What about arm cores for running Linux? The answer below might be a possible way to go, but what I asked initially was how to actually buy commercial ip core licenses for supported commercial cores. It seems the fpga vendors who sell both fpga and soft ip to support their fpga product directly send people to their distributors to license their IP but how do I purchase licences? Say I want an arm 7 ip block that runs Linux offered by Xilinx how do I buy a license for that block?
Hi @eric.fort most FPGA vendors that include an ARM core in their design only provide it as a fixed hardware block. It’s price is already included in the price of the final FPGA silicon. For soft-cores, every manufacture has had a “non”-arm architecture that they would offer for free or small price. Most of these are now moving to RISC-V architecture.
For ARM, your really only option is to deal with ARM directly: Arm Flexible Access – Arm® In their lowest tier, “DesignStart Tier” they include access to a Cortex-A5, so you could use that for a 32 Bit Linux support. Just note the 90 day window…
Thank you for the pointer to the arm flexable access program. between that and the RiscV architecture that pretty well covers integration of a controlling processor in the design, but what about other IP such as digital filter blocks, FFT/DFT blocks, DSP, etc for processing. can those blocks be bought somewhere as standard IP (I see them in the various FPGA maker IP catalogs) but how does one buy or license them. Again, the makers of FPGA like xilinx, lattice, altera, et al., point one to their distributors such as digikey… but Digikey seems to thus far not know how to offer me a license for such IP. It’s a problem when the manufacture points to a distributor and the distributor seems not to know how to make the manufactures product available. Does Digikey have a manufactures rep from say altera or xylinx or lattice, or really any of these companies that can address this.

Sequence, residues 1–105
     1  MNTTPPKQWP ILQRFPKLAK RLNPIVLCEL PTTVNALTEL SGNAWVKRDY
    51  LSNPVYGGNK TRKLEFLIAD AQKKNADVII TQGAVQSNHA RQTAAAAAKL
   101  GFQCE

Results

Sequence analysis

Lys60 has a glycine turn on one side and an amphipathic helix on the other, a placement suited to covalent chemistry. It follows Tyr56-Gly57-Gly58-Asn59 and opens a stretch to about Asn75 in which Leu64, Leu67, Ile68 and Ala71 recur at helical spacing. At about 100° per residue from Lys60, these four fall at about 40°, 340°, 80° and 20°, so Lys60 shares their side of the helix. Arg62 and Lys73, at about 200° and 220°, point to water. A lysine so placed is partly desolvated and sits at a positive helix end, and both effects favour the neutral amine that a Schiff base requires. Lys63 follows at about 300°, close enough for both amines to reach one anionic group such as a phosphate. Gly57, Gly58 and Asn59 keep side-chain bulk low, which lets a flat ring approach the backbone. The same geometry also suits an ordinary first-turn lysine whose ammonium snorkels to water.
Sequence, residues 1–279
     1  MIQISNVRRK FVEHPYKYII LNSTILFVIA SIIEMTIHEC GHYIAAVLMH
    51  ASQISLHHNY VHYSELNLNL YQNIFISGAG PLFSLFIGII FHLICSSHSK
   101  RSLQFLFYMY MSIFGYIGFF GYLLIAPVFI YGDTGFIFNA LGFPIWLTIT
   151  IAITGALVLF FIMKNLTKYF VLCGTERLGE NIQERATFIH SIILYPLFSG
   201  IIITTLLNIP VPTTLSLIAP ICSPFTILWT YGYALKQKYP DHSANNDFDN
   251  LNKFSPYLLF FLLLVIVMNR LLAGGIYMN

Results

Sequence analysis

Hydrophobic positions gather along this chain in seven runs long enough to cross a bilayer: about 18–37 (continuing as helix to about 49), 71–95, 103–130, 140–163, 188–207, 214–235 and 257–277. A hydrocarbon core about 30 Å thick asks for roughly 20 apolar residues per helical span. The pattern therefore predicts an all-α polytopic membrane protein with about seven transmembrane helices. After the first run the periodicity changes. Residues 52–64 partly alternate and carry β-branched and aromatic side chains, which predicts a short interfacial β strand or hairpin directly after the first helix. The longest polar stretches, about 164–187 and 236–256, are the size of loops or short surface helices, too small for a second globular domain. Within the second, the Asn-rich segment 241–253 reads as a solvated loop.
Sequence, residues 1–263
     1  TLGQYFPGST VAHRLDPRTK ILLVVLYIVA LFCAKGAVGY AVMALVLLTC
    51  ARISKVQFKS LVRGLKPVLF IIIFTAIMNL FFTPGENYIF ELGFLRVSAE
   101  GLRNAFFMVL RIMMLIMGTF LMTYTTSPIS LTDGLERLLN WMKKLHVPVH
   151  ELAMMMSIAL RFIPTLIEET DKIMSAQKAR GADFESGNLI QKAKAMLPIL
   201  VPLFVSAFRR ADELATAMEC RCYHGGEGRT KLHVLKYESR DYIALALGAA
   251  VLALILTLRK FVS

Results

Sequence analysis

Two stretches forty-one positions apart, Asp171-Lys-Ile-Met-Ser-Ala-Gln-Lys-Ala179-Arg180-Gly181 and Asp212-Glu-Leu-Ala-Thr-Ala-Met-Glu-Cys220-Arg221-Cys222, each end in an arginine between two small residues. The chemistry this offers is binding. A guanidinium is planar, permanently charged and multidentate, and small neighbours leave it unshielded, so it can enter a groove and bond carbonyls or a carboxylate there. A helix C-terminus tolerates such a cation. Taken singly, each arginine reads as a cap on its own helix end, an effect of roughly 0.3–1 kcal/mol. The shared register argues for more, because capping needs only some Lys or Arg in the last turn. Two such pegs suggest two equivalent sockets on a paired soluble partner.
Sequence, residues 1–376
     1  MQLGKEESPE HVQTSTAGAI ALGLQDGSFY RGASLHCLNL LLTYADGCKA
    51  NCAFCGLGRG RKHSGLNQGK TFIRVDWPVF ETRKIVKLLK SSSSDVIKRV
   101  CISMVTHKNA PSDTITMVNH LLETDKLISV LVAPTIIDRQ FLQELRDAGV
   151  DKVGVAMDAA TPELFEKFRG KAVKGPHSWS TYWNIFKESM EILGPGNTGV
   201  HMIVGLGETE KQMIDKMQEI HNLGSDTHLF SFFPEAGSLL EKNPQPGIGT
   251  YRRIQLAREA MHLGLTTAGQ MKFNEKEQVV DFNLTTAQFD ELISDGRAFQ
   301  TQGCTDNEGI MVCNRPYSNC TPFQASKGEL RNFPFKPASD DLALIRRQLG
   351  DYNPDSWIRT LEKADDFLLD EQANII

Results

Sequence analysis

@APDahlen yes you pretty much nailed it as to my experience and where I’m coming from. Though I’ve done hardware design its been mostly the old school way of using traditional 7400 logic, writing code for embedded processors, and using real copper to tie it together. FPGA and verilog is a new experience and verilog is my most recent language (I’m still learning it).
I’m a bit puzzled though at your suggestion of the STM nucleo boards as none of them appear to have what it takes to run linux (though their discovery series may offer that) and none of their boards seem to have any configurable logic in their silicon. Considering that my real focus and target here is a controller of some kind (probably linux based, but possibly uC based in which case I’ll just write C for the embedded control functions and use somethung like an atmega328 or pic both of which byw are available as soft cores) with a rather large and reconfigurable gate array to serve as one or more peripherals to be created by writing verilog rather than stringing copper between discrete logic ICs.